June 20, 2012

Underage Drinking in Young Adult Book: A Guest Post

Please welcome to Feed My Need, Dana Vicktor!
Dana Vicktor is the senior researcher and writer for duedatecalculator.org. Her most recent accomplishments include graduating from Ohio State University with a degree in communications and sociology. Her current focus for the site involves pregnant women and teenage pregnancy.
Underage Drinking in Young Adult Books

The young adult market has really grown in the last few years and with the increased popularity there has been an increased scrutiny of the behaviors of characters in the stories.

Some young adult authors feel that they have a responsibility to their readers to teach them about the dangerous aspects of being a teenager, while others feel that everything should be a reflection of what their readers are experiencing or what they themselves went through. Underage drinking is one issue that has been addressed in several different ways through young adult literature.

Drinking in Books

Teenage drinking is fairly common in a wide variety of social circles, and it appears in a wide variety of young adult books. You can read about it casually in Sarah Dessen’s books or read about the side effects of it in Leaving Paradise by Simone Elkeles. Both of these authors acknowledge that drinking happens and neither shies away from the negative impact that the drinking may have on their characters. Sarah Dessen has not yet addressed drinking in one of her books as a definitive issue, although several of her books show the fall out that comes after drinking too much. Leaving Paradise is based on something that happens as a result of a drunk driving accident and how it permanently affects the lives of the two main characters in the novel.

What Is the Author’s Responsibility?

Many parents and other adults feel that it is their place to control what their children read and may be up in arms about the inclusion of drinking, drugs or premarital sex in books. They argue that this paints an unrealistic picture of the world that teens experience. However, books provide the perfect place for teenagers to read about the consequences of poor choices and bad behavior. It’s not realistic to assume that teens are not drinking, but if the author can subtly include better choices to go along with the drinking, you may be able to get the message out to teens. For example, several books I have read recently make it a point to have a designated driver at a party or for the teenager to call someone for a ride if they have been drinking. Also while not every drinking experience is going to lead to a negative outcome, it is important to show poor decisions that are made while drinking.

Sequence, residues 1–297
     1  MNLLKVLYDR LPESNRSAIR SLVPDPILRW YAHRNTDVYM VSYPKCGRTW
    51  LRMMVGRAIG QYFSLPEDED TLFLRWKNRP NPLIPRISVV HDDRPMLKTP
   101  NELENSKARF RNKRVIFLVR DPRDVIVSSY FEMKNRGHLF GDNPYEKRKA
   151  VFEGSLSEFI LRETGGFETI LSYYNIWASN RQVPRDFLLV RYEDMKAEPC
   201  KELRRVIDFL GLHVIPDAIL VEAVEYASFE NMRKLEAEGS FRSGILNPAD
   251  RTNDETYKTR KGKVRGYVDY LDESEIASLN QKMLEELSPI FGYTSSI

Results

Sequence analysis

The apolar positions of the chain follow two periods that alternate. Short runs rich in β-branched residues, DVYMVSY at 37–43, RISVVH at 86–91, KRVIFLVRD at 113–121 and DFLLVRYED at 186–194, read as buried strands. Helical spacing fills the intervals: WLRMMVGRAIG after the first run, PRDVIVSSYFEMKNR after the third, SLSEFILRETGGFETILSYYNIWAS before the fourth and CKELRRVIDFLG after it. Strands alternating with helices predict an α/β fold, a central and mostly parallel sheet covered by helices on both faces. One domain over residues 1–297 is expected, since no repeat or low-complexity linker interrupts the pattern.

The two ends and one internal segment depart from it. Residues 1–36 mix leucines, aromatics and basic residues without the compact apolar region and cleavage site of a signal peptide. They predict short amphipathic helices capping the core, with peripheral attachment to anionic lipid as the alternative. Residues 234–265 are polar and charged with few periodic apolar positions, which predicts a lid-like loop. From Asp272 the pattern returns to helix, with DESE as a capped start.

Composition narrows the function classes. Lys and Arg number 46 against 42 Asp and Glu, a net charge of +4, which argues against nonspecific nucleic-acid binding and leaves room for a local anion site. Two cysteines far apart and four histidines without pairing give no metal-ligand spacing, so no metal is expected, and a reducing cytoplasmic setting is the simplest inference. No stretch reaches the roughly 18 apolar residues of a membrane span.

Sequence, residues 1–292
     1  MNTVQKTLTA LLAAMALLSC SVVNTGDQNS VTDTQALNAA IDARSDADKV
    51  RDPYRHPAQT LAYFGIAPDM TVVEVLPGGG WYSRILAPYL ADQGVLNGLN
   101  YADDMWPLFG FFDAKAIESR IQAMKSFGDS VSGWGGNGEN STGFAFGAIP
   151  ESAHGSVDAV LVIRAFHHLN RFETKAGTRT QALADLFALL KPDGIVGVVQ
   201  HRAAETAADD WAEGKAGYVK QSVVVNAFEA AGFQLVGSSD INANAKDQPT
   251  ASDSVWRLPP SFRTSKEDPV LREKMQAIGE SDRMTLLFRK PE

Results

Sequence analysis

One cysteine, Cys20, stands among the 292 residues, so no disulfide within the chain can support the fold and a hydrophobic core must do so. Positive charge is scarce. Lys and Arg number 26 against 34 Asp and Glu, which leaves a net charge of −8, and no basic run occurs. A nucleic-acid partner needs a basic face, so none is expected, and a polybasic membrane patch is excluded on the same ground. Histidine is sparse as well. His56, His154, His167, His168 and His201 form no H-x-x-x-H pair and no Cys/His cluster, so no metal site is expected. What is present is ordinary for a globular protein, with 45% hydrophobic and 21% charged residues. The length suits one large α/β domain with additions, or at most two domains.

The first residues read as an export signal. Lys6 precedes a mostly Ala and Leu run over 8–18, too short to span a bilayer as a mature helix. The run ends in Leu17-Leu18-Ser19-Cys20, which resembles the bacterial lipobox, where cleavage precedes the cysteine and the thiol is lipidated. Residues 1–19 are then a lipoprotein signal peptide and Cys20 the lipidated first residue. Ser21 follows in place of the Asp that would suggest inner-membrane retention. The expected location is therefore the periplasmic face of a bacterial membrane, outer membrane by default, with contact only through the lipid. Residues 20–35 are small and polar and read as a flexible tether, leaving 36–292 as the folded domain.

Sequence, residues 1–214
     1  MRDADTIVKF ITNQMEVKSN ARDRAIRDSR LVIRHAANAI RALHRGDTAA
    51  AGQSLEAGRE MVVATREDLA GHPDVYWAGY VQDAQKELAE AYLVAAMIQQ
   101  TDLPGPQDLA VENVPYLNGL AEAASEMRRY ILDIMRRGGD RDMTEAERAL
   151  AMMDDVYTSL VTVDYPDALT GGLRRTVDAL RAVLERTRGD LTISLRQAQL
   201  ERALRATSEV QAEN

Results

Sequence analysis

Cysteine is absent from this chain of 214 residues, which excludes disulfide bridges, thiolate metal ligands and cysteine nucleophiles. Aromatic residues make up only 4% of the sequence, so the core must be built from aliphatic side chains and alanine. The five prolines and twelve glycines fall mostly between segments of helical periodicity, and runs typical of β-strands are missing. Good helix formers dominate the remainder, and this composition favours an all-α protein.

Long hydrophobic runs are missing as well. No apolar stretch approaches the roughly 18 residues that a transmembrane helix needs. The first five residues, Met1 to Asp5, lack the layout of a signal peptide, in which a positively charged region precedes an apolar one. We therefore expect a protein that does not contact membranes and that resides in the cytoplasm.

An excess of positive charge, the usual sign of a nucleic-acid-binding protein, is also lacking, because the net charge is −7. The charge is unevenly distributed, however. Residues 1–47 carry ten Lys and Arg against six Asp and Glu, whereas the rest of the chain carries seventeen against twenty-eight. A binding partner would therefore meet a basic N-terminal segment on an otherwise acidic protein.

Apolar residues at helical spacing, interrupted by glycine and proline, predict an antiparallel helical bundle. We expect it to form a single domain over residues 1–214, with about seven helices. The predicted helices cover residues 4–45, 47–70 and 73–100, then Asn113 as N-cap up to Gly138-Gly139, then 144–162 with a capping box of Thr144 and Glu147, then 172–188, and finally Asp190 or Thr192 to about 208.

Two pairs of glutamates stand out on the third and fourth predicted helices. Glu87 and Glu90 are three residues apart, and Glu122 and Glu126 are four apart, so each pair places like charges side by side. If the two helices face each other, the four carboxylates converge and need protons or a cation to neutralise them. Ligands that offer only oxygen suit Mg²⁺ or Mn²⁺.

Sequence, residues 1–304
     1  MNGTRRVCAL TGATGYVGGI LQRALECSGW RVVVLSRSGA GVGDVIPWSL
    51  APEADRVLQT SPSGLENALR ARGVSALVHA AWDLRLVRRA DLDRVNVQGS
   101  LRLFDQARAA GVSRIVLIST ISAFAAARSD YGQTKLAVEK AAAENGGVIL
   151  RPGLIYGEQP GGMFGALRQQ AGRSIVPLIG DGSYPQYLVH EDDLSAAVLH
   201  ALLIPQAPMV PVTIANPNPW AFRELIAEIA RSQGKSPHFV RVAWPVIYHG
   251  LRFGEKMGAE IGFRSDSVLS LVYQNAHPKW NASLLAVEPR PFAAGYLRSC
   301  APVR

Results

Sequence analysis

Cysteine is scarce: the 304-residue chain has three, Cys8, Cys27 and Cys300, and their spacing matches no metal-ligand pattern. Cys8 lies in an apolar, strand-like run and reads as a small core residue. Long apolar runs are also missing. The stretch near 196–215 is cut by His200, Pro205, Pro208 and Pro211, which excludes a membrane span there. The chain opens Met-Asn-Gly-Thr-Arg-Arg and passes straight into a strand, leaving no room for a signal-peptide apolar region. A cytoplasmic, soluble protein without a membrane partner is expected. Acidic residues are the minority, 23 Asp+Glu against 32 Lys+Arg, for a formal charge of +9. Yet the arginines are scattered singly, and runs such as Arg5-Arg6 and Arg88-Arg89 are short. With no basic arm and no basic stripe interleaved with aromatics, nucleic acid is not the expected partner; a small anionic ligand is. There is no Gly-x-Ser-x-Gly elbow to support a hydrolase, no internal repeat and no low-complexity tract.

Should This Even Be an Issue?

Teenagers want to read books that they can relate to and drinking does happen on a regular basis at many teenager parties. It is important to look at the entire picture. Should underage drinking be part of the literature in teen books? It definitely has a place since it is part of the culture that currently exists. The same can be said about drugs and sex. Books provide a place for teenagers to think about and process the information separately. Drinking is not going to disappear just because the censors decide to ban all books that casually mention it. So while young adult authors should think about the drinking they are including in the books, it should not be cut out completely. Not every book is going to have teenagers drinking responsibility or should it, but the after math should be real to life both positive and negative aspects.

1 comment:

  1. I think the adults that ar arguing that portraying sex, drugs and drinking in YA books gives teens an "unrealistic picture of the world" are blinded to what is really happening.

    I'm all for using those issues in a healthy way and even using them as lessons (just not overly heavy handed ones) for the teens. I don't think glorifying drinking and drug use is ever okay, but no YA book I've read seems to have done that.

    If you had a book about contemporary teenagers and didn't address any of those issues, it would ring false to most teens.